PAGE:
Define your brand value and story — Every successful B2B organization has a customer value proposition. Define what makes yours unique — and what does not. Make sure everyone in marketing and sales understands it and how to use it. It defines your brand. Your prospects don’t care about your brand, your product or service, until they have a reason to care.

Historically, before digital transformation engulfed the universe, the role of giving B2B prospects a reason to care about your business solutions was done almost exclusively through personal interaction. Helping people buy has traditionally been the role of salespeople. That has changed.

Today, B2B buyers rely on a significant percentage of digital discovery, education, and interactions before engaging with sales. Buyer information needs haven’t changed, in fact, they have grown, but their methods have changed. Personalization helps make potential buyers care.

Define your audience. Understand the context of their business roles and priorities — The first thing to recognize is that you are not selling to a business. You’re selling to a person (likely multiple people) and there is a high likelihood that your product or service is not on their list of top priorities. How well you can position your solution to align with their priorities depends on how well you understand them and where your solution fits into them.

Creating Buyer Personas allows marketers to identify and understand the human being behind the role. By understanding the context and complexity of your prospect’s role, business needs, challenges and frustrations, you can develop messages and content that supports sales interactions by filling the digital chasm between a buyer’s identification of a need and buyer’s decision to engage a salesperson.

Identify how your business value aligns with your target audience’s business priorities — Consider where customer value resides in the context of the customer’s workday, professional interests, and primary function. What are their priorities and what big problems are they responsible to solve?

Every business has a formal set of objectives that cascade from the top, guiding the priorities of each department leader and their teams. This is what your audience is focused on. Whether formal or subconscious, every executive decision maker has a list of their top needs, challenges and frustrations. How and where do your value propositions intersect with the broader objectives? Find the contextual relationships and prioritize those with the strongest business impact.

Understand your B2B buyer’s journey, needs and timing

The fundamental buyer’s need for information has not changed. What has changed is that B2B buyers prefer to educate themselves before engaging a salesperson, using a fractured discovery process of many micro-events triggered by self-guided navigation and research. Digital due diligence helps buyers refine their business needs and objectives. It is standard buyer behavior and proportional to the cost and complexity of a project.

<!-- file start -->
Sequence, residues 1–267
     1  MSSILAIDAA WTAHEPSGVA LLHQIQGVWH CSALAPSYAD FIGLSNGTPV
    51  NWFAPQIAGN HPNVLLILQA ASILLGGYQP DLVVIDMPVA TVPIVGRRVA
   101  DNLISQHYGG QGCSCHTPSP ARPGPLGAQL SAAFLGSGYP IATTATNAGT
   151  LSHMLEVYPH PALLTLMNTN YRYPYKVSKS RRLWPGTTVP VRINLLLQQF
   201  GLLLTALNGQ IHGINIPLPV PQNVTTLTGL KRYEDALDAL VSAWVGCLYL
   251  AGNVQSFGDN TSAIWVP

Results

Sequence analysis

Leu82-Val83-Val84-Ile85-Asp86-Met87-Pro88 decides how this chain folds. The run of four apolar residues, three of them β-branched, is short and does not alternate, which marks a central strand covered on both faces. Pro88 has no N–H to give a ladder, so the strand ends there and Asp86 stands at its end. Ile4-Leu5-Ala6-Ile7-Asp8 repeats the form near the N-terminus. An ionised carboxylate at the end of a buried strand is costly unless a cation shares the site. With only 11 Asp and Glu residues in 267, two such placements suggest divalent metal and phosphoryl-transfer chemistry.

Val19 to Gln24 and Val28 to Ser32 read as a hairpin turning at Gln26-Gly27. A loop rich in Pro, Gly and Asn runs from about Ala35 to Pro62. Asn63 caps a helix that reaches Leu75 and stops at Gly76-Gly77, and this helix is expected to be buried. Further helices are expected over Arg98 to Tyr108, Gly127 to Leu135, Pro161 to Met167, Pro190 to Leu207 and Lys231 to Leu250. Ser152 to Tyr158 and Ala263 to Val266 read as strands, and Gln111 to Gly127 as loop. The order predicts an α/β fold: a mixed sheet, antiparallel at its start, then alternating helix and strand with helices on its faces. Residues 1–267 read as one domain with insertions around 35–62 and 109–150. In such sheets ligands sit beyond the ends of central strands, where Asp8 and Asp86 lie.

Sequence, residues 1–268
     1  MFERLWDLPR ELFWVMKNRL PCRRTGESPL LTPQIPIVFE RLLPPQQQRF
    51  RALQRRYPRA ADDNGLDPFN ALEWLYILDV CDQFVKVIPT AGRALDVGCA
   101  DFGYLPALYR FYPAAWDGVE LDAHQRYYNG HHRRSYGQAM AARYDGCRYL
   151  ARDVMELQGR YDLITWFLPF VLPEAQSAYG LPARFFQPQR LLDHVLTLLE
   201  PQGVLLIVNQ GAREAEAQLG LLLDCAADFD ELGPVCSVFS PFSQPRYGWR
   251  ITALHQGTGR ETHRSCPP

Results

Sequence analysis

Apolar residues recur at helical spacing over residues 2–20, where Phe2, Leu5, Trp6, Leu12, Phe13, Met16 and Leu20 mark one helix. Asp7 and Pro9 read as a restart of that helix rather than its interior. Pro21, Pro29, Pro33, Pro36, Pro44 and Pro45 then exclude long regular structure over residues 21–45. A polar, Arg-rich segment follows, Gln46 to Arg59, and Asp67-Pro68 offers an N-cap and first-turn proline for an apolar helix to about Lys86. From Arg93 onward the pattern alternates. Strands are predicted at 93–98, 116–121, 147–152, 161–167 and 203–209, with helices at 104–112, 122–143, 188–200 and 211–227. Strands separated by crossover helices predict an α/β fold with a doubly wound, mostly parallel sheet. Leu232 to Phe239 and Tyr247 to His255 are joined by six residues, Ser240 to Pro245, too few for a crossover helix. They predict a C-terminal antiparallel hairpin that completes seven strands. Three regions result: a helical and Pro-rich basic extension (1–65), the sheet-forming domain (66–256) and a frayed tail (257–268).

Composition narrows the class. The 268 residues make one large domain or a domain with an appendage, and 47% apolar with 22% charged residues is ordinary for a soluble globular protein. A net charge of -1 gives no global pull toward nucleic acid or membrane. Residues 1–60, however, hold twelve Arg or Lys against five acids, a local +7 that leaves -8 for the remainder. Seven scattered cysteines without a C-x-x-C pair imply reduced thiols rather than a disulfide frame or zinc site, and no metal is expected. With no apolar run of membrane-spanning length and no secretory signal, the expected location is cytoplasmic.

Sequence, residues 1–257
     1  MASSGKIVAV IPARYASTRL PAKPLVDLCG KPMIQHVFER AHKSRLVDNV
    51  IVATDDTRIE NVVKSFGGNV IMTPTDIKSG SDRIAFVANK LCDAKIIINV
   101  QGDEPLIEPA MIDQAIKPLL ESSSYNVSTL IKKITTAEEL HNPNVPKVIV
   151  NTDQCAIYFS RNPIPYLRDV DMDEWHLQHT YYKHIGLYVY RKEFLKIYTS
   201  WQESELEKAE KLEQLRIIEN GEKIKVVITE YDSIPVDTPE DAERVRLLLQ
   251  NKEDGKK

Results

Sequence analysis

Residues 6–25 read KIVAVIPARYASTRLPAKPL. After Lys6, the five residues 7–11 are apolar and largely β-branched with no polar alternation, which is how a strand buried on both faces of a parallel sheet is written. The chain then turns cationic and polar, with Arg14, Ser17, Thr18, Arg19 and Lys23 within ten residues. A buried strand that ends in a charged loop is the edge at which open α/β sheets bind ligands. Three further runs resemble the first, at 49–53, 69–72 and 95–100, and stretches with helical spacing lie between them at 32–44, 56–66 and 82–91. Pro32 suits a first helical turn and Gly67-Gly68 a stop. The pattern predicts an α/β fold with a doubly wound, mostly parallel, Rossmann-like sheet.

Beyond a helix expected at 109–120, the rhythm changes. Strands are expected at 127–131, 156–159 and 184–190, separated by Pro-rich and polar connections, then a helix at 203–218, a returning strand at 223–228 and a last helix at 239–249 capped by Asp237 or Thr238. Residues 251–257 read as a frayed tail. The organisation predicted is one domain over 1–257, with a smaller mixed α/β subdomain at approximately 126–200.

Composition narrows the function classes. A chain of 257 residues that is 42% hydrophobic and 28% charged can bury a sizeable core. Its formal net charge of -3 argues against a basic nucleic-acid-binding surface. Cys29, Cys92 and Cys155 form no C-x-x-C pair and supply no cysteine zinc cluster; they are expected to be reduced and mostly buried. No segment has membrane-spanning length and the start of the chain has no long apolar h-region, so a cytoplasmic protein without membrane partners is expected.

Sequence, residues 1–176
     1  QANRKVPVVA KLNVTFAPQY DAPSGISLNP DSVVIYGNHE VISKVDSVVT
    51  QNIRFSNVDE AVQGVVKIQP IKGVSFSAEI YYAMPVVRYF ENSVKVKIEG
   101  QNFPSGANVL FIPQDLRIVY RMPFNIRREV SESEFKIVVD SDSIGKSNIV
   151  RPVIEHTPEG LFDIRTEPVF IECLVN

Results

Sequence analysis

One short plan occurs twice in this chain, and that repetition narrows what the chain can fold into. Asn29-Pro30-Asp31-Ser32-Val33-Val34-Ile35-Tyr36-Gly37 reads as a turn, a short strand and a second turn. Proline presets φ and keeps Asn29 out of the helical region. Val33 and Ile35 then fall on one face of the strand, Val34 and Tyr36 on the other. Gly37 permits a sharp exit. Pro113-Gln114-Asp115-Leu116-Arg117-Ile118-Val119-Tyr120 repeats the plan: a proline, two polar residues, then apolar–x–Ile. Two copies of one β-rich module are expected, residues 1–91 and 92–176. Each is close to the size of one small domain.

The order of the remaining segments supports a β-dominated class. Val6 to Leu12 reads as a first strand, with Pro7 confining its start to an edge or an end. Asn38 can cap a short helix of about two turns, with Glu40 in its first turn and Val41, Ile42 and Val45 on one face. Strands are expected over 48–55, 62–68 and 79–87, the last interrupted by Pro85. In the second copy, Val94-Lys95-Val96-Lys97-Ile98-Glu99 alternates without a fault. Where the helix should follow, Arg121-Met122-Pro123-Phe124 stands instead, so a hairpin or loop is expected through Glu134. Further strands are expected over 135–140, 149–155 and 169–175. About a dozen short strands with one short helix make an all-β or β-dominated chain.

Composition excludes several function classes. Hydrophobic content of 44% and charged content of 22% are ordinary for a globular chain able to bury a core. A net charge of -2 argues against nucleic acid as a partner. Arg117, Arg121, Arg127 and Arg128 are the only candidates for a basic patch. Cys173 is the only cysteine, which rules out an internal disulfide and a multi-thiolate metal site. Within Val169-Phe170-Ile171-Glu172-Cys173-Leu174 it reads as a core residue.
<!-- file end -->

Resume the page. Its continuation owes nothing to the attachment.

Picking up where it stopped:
While there are several models, segmenting buyer journeys into progressively active pre-sales discovery stages is common. But beware, though the stages may seem linear, B2B journeys are neither linear nor concise.

Develop and deploy content accordingly

What do B2B buyers want and need to make informed decisions? Relevant information. Trustworthy content and guidance that helps them solve a business problem. Buyers have been telling us this for some time as evidenced by the recurring Edelman-LinkedIn B2B Thought Leadership Impact studies.

It’s important to also recognize that your “buyer” is a group of individuals. No two of those individuals is moving at the same pace nor will they participate in each stage with the same interest. Each decision maker and influencer endorsement will require a clear value proposition and they will educate themselves as required by their business role and the stakeholders they represent.

Marketing teams that personalize content and messages to meet the needs of individual target prospects throughout their decision-making process, demonstrate authority in their space and earn trust as a potential partner understand B2B personalization.

“Dear <firstname> <lastname>,” is not personalization to B2B decision makers. Providing the right information and guidance, at the right time and helping decision makers become smarter buyers, is personalization.

This article was first published on Medium on Feb 11, 2022.

To Gate, Or Not To Gate? A Question As Old As Digital Delivery

Marketing Charts — https://www.marketingcharts.com/industries/business-to-business-108001

Why gate content? Leads. Gating content is about generating leads say 62% of B2B organizations as recently reported by Marketing Charts. And, though the answer to “why” surprises no one, the summary of the research they published highlights some interesting responses and related metrics worth deeper consideration.

Several of the highlights are intriguing:
“45% of respondents believe gating content adds an air of exclusivity to it.” I think users have quite an opposite reaction to gated content and see through that.
• As for the leads generated at the gate, the data is never as clean as hoped. 47% provide personal email (or a dedicated junk mail account address)
31% refuse the transaction cost of providing personal information for content. 45% of VP-level decision makers refuse.